On The Buses: Brenda from Bristol

Are you like Brenda from Bristol? Loudly wailing “Not another one!” when confronted with the fact that there is to be an election in June?

Personally, I think it makes sense to have an election. So much has changed in the political landscape since the 2015 election that although it is merely two years ago, it’s almost as if we inhabit a different world. Added to that, I like elections.

I do, however, think I’m missing out on some of the excitement of an election because I’ve always lived in staunch Labour seats where there’s been more chance of Gerry Adams wearing a bowler and sash and marching to the beat of a pipe band than that of the Conservatives winning. I dream about how fantastic it must be to live in a marginal, constantly being canvassed by the various parties, with all the opportunities for hurling abuse that that offers.

Imagine living in a keenly contested constituency where the nation’s media descend and you’re constantly harassed as you try and go about your business, stopped in the street as you’re just about to go into William Hill to put a fiver each-way on the top weight in the first at Ludlow, or waylaid by a tabloid hack while you’re on an emergency mission to purchase toilet roll from Spar.
But this won’t happen because we live in a seat where the result is as predictable as the election result in North Korea. There are bigger odds on ISIS winning the Eurovision Song Contest with a cover version of Morrissey’s You’re the One For Me, Fatty than there are on Hilary Benn losing his parliamentary seat.

And so we’re left with the challenge of making the vote interesting, which means looking outside of our own constituency to the country as a whole. During every campaign there are people who rise in the nation’s consciousness, like Brenda the “not anther one” woman, Gillian Duffy – Gordon Brown’s “bigoted woman”, and any of the various people who have punched John Prescott during campaigns over the years. As such, and very much on the off-chance, I always have a few zany quips ready and an unusual hat to hand in case I am ever interviewed so that I can become “The Nation’s Eccentric” for a day or two. This is the limit of my ambition. Other people plot out a whole lifetime of achievement and steadily building growth; I just want to be famous for a couple of days for wearing a weird hat and saying something loopy.

If any of this feels like I’m taking a flippant attitude to the exercise of democracy then I assure you I enjoy the serious aspect of the plebiscite as well. Last year we had a referendum but in the normal course of things the only time we get to wield our implicit power and effect change is on General Election day. Every other day the politicians pay lip service to working for us but it’s as if they are out of our reach and able to act as they like. On election day we can reach them and push them off their pedestals.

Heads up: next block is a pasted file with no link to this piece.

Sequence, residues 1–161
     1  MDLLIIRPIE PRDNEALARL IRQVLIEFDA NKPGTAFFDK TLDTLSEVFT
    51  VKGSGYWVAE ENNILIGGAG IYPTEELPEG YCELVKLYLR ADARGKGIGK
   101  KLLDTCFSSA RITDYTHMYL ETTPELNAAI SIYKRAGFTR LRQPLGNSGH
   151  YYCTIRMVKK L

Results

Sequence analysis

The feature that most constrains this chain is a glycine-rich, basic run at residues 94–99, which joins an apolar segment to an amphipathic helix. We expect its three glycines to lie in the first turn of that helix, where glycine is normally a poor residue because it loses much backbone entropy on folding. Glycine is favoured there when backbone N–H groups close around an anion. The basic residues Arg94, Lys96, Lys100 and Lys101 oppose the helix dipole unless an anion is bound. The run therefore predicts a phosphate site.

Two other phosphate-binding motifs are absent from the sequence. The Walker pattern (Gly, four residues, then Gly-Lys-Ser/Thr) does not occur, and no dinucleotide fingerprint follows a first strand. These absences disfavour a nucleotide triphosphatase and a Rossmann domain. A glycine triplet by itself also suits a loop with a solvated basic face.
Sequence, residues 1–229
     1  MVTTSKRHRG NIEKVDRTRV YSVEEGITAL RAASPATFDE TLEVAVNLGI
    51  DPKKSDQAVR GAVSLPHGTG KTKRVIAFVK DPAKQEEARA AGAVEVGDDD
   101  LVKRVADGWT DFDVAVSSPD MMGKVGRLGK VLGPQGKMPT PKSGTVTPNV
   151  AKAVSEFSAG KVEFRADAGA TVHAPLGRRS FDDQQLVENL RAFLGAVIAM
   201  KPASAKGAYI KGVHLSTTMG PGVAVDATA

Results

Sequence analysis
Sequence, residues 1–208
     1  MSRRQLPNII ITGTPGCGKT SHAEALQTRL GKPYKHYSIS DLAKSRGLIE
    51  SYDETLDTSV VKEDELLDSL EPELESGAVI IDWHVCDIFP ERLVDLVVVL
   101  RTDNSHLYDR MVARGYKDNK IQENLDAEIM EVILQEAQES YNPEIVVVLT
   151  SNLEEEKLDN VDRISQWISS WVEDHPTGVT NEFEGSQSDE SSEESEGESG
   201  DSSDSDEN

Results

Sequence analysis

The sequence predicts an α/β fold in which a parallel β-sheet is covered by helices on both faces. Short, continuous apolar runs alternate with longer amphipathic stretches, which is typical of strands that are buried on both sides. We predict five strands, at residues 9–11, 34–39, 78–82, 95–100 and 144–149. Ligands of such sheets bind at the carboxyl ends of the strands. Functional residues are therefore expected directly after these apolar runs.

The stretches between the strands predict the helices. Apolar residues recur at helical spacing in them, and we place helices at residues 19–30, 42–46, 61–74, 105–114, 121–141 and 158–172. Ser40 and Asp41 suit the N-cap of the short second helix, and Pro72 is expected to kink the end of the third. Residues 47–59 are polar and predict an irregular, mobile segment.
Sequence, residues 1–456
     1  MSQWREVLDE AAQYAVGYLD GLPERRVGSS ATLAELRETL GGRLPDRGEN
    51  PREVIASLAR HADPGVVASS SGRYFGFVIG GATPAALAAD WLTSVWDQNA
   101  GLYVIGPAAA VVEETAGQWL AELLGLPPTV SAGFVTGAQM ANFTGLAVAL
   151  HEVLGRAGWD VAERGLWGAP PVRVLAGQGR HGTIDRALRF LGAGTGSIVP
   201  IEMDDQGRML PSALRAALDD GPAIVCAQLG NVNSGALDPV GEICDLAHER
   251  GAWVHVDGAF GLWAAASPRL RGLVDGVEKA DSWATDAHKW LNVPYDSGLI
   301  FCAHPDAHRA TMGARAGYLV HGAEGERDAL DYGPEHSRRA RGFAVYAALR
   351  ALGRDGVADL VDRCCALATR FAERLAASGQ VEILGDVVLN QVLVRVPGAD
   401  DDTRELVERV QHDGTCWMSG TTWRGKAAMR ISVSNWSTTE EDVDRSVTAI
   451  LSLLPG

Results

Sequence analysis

It feels as though this is an important election. More important than usual. In some ways it feels as though it’s the end of some things and perhaps the start of some others. By the time the next one comes around, if the parliament runs the full term of five years, we will almost certainly no longer be a part of the EU and there is the possibility that we will no longer be a United Kingdom if, as seems inevitable (although by no means certain that it will happen in the short term) Scotland signals its desire to be an independent nation. We live in exciting times where people are embracing change brought about via the ballot box. Revolutions needn’t be bloody in order to be earth-shaking.

Over the coming weeks I intend to talk some sense and some silliness about the election. I already know which way I’m going to vote but it’s more fun if I pretend to be a floating voter and examine the appeal of the various parties.

I know that some of you will be enjoying the whole rigmarole as much as I will be whereas others among you will be wishing that you could wake up tomorrow and it all be over.

I don’t adhere to the school of thought that everyone MUST vote simply because people died so that you could. People have died for all manner of questionable causes so no one should feel guilt-tripped into casting their vote. For a variety of reasons this is one election where many will feel politically homeless and as such I don’t doubt that a lot of polling cards will remain on the top of fridges, or behind clocks, unused and forgotten.

I hope that you can find it within yourself to enjoy the election campaign. The politicians actually care what you think of them for the next few weeks. It won’t last so make the most of it.